Wednesday 13 April 2016

How can we deal with inequality?

A personal friend of mine recounted a small story written in his grandfathers diary that rings in my mind to this very day. It was back in 1923, his grandfather was staying in a small town in Germany with his young son and eating a small meal in a restaurant. In a largely empty room, the other persons present were a very wealthy Jewish family having a lavish party with champagne and lobster. Meanwhile he witnessed a wide gathering of adults and children peering through the windows with a mixture of hunger, awe and envy. Somehow he understood and with a tinge of embarrassment by his own presence, he said to his son ‘Trust me this is all going to end and fall apart.’ 

Unfortunately, history at times can have an uncanny resemblance in repeating itself. Today it might be a mix of different races or different ethnic groups, and through the internet, who knows? What we do know is resentment or envy can be a brutally negative emotive state and comes part and parcel to our human nature. There are many today including those that are university educated, who struggle in life and who cannot get the job they wish or seek, struggle to feed their families and pay the bills. At the same time so called ‘billionaires’ or the ultra-wealthy might appear so content and happy enjoying every material thing that is given to them and might go as far as living their own laws within their own bubble. This can easily resort to an anger, or an unhappiness, a sense of hopelessness and insecurity in our society where the danger is we may say or do something stupid.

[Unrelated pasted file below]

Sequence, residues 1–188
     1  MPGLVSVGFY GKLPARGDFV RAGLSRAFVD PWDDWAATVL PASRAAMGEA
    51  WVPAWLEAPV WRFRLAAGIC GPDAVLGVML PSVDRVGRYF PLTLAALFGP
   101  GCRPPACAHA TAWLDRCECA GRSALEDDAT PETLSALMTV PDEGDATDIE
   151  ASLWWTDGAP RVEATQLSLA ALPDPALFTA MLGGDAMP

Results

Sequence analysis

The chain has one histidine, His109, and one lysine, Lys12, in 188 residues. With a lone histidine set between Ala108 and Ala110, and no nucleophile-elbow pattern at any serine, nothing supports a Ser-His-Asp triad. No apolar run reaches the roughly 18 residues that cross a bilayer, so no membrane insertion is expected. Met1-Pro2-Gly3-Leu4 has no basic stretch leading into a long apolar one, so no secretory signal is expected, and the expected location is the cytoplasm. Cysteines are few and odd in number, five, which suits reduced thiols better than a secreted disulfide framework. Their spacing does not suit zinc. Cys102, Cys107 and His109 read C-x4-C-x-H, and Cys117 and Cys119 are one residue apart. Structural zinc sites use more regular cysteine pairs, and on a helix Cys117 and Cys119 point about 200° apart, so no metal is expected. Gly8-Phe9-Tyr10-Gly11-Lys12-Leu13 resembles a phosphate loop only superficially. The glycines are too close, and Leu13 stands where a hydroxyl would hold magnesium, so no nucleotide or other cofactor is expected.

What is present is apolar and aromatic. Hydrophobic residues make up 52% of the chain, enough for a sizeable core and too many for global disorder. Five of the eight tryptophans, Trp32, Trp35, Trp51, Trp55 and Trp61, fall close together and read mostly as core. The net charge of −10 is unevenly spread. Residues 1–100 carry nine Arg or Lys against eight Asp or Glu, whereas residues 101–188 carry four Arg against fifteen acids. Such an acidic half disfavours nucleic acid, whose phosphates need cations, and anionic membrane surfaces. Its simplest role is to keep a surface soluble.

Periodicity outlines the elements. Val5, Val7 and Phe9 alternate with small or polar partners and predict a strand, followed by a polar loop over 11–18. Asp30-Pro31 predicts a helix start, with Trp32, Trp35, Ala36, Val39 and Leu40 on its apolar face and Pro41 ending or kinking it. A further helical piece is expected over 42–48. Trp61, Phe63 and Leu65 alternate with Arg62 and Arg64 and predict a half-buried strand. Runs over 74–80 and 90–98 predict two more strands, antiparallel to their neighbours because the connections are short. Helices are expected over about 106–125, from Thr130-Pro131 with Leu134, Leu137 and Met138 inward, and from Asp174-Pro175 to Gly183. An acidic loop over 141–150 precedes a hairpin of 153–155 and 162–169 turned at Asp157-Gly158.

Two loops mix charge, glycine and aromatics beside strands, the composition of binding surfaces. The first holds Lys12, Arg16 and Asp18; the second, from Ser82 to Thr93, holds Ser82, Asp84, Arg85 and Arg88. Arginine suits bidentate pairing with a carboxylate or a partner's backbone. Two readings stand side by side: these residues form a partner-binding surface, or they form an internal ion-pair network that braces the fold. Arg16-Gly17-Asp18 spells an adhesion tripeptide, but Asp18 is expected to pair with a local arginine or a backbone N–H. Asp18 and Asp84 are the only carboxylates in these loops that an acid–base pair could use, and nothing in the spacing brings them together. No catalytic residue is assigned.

There are things that we must bear in mind in our lives, whilst we can all hold prejudices in our sub-conscience to another person regarding his or her so called ‘superior status' in looks, money or possessions; we do not know what cross the other may be carrying. We do know that we can try to worry less with these issues and there are sensible ways in dealing with it as they over time have a way in resolving itself.

There is no doubt, that if a billionaire or super rich (or any other person for that matter) does not seem to care, remains indifferent and only concerned on how to make more, this can come across as pretty unattractive. It may turn out that the particular individual operates with no integrity away from his or her heart driven by greed, status or power and has only got there through exploitative or aggressive means. A type of Darwinian delusional 'survival of the fittest'. Imagine that on top of this, the individual might have a stark win lose mentality or ends up walking over people with little respect for self or others, our environment or our planet!

How do you deal with these types? I suspect that often these people very likely get caught out or fall off a cliff in the long run. Others, who are privy, might stand up or encourage them to behave differently. If you notice these days it is all security cameras, gates and walls that are used to protect them, unlike in the old days it was a small army of sorts. They too can clearly feel insecure, or vulnerable implying that they are not Gods and just human.